“I haven’t a clue as to how my story will end. But that’s all right. When you set out on a journey and night covers the road, you don’t conclude that the road has vanished. And how else could we discover the stars?” Nancy Willard
Writing your first Memoir?
After weeks, months or years of thinking about writing your memoir, you’ve finally decided it’s time. You’re both excited and nervous. You scan your memory and start gathering thoughts about the particular time period or life-changing event you want to write about until the day comes when you enthusiastically sit down at your computer or take pen and paper to a coffee shop and begin. Then it hits you. Where do I start? What should I include? What should I leave out? Your past looms over you in a thousand fragmented phrases. All the anticipation and passion you’ve brought to this moment springs a leak and is slowly but surely reduced to a tragic puddle. You sit, staring at the blank page. You still want to write but suddenly the enormity of the project hits you like the face of a 40-foot wave. You’re paralyzed by the size of the task.
If you haven’t gotten to this point, I might sound a bit dramatic. But if you have, I hope you’re laughing in recognition of your moment of truth. All kidding aside, what I’ve just iterated is the reason many writers get to this very point in their creative venture and never go any further. If you’ve reached this stumbling block and still want to proceed, consider this.
Start by writing the Introduction or Prologue to your Memoir. Think of your introduction as a preview of a coming attraction. It’s where you show and tell all the benefits readers will reap from your work. It’s where you highlight all the advantages you hope they’ll gain from the insights, observations, experiences and lessons you share. Writing the introduction helps clarify the purpose for writing your story. From this clarity write a list or outline of the main events your memoir will cover. These are usually the ones that strike an emotional chord in you, touching a universal truth that will also be interesting to your reader. Now you’re ready to choose one of those events and start writing. When you don’t focus on the monumental undertaking but instead take small steps, you’re more likely to enjoy the journey to the finish line. If you have a hard time remembering events, take a walk down memory lane with your photo albums. Those old photos will surely be a substantive catalyst. And you can always give yourself creative license where memory fails.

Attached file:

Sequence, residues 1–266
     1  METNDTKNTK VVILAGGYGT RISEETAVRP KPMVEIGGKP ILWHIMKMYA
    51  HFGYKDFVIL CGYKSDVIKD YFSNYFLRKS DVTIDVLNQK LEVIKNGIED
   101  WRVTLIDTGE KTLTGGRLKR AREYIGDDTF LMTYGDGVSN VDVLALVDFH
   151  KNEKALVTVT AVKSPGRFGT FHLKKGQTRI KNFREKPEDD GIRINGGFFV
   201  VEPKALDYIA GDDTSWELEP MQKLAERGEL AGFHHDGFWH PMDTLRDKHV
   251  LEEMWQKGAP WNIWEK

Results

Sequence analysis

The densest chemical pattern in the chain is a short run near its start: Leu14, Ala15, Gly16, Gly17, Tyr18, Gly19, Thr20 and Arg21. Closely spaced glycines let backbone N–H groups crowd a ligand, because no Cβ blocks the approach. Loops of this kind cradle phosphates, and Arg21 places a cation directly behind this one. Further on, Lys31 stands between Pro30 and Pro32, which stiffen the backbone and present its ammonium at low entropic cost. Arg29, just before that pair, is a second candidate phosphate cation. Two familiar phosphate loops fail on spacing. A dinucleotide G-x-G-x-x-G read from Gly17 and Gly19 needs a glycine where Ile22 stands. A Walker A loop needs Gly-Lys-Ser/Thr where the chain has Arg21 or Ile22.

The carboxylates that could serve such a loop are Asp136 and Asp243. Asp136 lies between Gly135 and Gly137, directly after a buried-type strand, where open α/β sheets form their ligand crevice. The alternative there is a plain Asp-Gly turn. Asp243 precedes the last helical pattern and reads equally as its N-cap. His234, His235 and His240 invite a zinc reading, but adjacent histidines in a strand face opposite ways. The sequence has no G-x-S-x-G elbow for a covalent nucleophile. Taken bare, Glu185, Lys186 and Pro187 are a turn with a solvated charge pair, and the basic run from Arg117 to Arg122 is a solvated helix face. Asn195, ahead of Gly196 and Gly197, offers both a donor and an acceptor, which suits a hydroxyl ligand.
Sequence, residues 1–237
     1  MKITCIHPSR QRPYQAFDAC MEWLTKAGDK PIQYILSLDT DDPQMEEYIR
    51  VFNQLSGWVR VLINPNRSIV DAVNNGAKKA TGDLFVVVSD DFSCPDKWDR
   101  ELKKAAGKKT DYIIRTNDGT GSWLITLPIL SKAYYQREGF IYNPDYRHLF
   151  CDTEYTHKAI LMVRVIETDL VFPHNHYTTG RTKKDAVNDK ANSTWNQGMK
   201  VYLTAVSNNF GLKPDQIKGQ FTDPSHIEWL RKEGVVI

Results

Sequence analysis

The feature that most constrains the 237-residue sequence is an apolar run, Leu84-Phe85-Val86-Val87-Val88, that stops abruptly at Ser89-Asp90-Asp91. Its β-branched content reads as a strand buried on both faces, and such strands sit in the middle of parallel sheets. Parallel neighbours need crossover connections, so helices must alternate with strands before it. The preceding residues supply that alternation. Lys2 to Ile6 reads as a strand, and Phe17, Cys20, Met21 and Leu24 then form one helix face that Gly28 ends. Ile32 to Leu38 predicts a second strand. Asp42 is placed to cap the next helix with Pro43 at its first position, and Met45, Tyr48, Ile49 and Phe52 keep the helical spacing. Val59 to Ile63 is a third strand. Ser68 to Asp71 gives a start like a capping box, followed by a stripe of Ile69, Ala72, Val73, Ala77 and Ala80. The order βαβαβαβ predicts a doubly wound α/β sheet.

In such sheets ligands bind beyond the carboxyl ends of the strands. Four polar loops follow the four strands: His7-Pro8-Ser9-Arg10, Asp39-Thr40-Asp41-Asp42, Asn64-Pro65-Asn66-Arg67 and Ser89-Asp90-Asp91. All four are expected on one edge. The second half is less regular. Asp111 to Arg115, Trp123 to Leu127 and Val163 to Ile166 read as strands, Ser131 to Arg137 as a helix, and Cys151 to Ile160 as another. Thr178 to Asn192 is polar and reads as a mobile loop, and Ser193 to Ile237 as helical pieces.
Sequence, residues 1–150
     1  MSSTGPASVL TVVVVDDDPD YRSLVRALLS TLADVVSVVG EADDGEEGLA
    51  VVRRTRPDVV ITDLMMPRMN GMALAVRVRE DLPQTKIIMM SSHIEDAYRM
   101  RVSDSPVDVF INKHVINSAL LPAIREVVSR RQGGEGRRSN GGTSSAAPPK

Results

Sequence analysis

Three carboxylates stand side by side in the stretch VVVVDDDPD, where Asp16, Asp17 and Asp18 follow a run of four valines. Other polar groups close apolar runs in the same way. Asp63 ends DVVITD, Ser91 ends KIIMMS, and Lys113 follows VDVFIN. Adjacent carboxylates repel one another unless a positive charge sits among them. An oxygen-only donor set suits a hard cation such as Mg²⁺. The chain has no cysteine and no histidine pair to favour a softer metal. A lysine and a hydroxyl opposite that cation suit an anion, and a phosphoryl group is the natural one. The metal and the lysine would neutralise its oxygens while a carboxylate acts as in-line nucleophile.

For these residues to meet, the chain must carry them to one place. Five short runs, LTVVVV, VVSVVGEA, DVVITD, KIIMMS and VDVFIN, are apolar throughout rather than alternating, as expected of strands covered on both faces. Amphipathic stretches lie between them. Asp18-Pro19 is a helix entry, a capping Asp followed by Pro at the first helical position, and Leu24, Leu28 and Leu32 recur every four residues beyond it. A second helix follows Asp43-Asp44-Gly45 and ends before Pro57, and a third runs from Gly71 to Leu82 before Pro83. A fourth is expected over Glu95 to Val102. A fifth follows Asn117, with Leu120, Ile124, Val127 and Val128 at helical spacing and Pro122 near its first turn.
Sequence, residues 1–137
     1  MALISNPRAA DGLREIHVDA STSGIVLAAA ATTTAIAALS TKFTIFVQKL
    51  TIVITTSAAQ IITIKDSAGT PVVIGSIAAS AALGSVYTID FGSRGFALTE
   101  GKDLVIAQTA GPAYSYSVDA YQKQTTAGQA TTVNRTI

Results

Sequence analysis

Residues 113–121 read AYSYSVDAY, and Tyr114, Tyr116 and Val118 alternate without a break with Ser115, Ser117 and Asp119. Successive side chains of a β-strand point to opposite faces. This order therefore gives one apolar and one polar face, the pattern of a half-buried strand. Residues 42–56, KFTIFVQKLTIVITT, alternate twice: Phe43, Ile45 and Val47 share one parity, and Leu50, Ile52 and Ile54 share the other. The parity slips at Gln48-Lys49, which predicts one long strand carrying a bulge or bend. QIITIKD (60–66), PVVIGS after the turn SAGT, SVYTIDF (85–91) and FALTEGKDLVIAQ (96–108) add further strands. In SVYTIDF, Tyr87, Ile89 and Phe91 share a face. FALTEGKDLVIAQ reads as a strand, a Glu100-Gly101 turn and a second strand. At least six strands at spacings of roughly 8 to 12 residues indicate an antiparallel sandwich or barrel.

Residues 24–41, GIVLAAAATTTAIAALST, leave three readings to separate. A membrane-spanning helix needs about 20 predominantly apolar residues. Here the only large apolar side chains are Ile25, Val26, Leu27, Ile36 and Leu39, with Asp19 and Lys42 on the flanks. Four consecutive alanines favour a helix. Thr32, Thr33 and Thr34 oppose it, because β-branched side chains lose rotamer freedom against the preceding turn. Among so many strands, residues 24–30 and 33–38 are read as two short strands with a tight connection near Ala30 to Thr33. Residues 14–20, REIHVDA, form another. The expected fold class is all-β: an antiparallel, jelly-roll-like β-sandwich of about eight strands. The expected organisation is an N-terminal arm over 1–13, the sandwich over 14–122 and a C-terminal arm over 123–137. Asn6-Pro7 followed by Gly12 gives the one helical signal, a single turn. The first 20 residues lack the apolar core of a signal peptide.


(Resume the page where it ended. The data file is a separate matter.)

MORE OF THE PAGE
Oh, and before it’s too late, I’d like to share another insights with you. The first one is about sharing your work with friends or relatives.
I have a client who is an excellent writer and has published a number of successful books. His most recent book, however, is his first memoir. His sister came to visit over the holidays and with enthusiastic innocence he asked her to read a few chapters. Not a writer herself, she didn’t realize the crushing affect her words carried when she said, “Why would you want to write about all that stuff that happened so long ago? Besides, you got it all wrong.” I tell you this for a few reasons. One, family members will notoriously have different versions of the same story. One of my favorite quotes about memoirs is, “Anyone who believes you can’t change history has never tried to write his memoirs.” David Ben-Gurion.
My second reason for telling you this is that writing your memoir can almost be equated to giving birth. (Men and women who have not given birth, think of your most creative endeavor.) It is an extremely personal matter. It is your creation. As Montaigne says, “It is not my deeds that I write down, it is myself, my essence.” Even though you may think you are ready for objective feedback, if you’re a first-time writer, you probably aren’t. Giving constructive feedback is an art. Most people, as hard as they might try, tend to inject unskillful criticism in their attempt to be helpful. For the most part it is not intentional. For this reason, I urge you to be careful about sharing your work too soon in your writing process. More than one good writer has found their way to my doorstop crushed by unqualified advice from meaningful well-wishers.
This meaningful well-wisher wishes you creative fluidity.